Katy Perry and Orlando Bloom have secured victory in a contentious legal tussle over a lavish Montecito mansion, once owned by disabled veteran Carl Westcott. The Los Angeles County Superior Court Judge Joseph Lipner ruled in favor of the celebrity couple, dismissing Westcott’s claim of lacking mental capacity during the property sale. The verdict, expected to be finalized after a 10-day waiting period, marks the latest chapter in a high-profile legal saga.
Purchased by Perry and Bloom for $14.2 million in 2021, the Montecito estate became the center of a breach-of-contract trial. The judgment contends that Westcott, an 83-year-old Army veteran, was of sound mind when he engaged in negotiations leading to the sale. Perry’s attorney, Eric Rowen, emphasized the judge’s conclusion that Westcott’s decision to breach the contract stemmed from a change of mind rather than any lack of mental capacity.
“This proposed decision is crystal clear — the judge has concluded that Mr. Westcott was in full possession of his faculties when he engaged in complex negotiations,” Rowen stated in a response to the ruling.
Westcott’s son, Chart Westcott, expressed disappointment in the verdict, highlighting potential future legal actions. “Katy Perry will now have to testify, in person, to receive her ‘damages.’ We look forward to her testimony, and to her being confronted with possible sanctions for perjury,” he stated, alluding to the upcoming damage trial scheduled for February 13 and 14.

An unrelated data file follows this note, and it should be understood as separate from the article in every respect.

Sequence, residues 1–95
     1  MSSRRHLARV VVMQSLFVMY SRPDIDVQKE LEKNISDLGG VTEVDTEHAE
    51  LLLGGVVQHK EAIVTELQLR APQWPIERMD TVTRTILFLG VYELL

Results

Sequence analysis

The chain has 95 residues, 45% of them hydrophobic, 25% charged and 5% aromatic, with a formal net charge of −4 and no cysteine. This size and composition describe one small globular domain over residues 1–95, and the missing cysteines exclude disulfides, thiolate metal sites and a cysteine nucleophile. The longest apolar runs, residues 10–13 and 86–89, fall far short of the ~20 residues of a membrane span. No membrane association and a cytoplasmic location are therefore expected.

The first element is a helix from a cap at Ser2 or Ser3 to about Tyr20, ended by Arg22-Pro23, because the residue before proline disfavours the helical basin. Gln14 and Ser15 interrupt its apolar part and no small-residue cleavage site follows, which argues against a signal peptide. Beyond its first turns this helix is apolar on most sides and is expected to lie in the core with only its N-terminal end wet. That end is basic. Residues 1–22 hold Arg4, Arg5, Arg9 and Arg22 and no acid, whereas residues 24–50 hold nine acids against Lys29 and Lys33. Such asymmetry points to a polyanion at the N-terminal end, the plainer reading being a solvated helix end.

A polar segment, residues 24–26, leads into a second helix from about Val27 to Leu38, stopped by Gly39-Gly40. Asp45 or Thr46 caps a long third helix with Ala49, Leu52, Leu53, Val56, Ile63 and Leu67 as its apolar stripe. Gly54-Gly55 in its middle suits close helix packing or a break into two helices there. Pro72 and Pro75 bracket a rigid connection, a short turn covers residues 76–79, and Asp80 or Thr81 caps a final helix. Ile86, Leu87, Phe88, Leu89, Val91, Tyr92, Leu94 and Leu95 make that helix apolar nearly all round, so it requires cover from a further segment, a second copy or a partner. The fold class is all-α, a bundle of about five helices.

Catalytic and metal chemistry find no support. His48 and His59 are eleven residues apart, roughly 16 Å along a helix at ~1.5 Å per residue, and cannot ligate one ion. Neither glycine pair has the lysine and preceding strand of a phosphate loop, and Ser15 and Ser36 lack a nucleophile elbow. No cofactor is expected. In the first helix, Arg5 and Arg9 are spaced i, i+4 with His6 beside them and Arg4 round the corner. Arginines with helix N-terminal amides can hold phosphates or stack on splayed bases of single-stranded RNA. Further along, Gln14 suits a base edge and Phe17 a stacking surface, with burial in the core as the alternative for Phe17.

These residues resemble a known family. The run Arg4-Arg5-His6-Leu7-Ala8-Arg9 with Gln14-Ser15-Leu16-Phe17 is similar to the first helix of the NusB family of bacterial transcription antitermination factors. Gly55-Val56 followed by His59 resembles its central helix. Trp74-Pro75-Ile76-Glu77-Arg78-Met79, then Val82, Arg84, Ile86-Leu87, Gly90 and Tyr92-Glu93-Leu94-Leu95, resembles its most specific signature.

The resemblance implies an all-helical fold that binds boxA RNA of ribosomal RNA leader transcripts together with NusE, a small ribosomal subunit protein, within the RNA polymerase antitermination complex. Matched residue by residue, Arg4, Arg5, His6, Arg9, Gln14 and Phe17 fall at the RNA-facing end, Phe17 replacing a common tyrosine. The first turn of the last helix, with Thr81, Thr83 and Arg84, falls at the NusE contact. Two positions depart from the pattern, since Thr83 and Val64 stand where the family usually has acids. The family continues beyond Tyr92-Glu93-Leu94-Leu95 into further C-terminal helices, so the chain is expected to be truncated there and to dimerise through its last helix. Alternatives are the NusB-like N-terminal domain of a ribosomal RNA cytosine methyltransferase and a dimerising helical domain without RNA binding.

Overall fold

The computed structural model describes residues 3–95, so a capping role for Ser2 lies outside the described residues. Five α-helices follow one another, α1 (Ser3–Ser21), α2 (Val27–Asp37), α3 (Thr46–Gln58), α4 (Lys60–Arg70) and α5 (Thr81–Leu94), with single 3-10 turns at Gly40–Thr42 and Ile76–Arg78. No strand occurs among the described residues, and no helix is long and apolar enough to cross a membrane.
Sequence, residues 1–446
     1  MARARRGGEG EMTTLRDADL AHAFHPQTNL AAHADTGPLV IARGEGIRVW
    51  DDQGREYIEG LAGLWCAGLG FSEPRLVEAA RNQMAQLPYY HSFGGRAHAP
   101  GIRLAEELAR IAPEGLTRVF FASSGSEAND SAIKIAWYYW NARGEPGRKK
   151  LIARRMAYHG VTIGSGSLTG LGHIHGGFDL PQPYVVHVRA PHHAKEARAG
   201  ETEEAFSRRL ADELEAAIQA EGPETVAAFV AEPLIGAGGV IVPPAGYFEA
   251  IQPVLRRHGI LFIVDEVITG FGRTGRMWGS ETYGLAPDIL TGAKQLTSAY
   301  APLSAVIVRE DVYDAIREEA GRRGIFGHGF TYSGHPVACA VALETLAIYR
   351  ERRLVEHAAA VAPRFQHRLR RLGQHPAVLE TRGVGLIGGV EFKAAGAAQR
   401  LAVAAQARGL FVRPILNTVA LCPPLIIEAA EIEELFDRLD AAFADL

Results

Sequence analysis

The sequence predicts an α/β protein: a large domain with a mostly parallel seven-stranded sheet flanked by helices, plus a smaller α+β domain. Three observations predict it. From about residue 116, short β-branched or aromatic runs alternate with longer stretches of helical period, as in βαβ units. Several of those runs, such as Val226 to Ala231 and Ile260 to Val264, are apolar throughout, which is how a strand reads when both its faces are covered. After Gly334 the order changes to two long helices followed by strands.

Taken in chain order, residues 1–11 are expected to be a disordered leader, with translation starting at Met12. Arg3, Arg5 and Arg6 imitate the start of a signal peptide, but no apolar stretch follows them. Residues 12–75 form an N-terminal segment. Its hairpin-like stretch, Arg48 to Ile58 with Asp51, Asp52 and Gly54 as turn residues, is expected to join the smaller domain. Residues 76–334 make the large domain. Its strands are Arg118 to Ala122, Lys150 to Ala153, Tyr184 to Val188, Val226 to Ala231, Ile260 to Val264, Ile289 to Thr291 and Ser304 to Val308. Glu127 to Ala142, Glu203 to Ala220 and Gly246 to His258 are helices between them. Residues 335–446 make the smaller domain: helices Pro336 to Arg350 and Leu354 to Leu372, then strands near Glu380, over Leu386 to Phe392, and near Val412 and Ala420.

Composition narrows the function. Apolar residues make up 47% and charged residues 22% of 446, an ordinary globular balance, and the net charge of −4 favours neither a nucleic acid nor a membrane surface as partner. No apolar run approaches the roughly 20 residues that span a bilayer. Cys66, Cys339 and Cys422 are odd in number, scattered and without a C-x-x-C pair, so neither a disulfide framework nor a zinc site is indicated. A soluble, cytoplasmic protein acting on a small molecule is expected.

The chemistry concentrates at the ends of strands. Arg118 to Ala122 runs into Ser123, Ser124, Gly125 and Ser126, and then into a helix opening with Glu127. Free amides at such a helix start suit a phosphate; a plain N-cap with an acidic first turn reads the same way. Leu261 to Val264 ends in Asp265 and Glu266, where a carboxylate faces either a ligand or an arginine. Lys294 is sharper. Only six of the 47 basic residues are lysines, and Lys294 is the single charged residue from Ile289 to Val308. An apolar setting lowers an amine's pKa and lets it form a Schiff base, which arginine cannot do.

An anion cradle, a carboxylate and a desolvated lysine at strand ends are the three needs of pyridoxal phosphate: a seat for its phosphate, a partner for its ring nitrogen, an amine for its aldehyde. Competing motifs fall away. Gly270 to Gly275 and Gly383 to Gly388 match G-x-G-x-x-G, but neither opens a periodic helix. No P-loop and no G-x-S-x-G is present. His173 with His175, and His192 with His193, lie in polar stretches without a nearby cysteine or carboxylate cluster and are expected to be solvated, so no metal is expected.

The legal battle unfolded with Westcott’s attorney arguing that his client, suffering from Huntington’s disease and post-operative delirium, lacked mental capacity when agreeing to sell the property. Despite Westcott’s claim of a lack of mental capacity, Judge Lipner’s preliminary ruling questioned the consistency of medical expert testimony presented during the trial.
The dispute gained public attention when Perry faced online criticism for seemingly attempting to evict an elderly, infirm man against his wishes. Perry’s legal team countered, asserting that Westcott actively participated in negotiations, rejected offers, and even extended the counteroffer deadline.
In a letter dated 2020, Perry and Bloom described the Montecito mansion as a family sanctuary, contradicting claims that the property was intended for rental purposes. Despite Perry’s legal triumph, she is expected to testify in the upcoming damage phase of the trial, where the final resolution of this real estate saga will unfold.
This legal battle draws parallels to Perry’s 2015 dispute with the Sisters of the Immaculate Heart of Mary, where the singer prevailed in acquiring a Los Feliz property despite objections from the nuns. The current case echoes themes of celebrity real estate clashes, showcasing the complex intersection of legalities and high-profile acquisitions.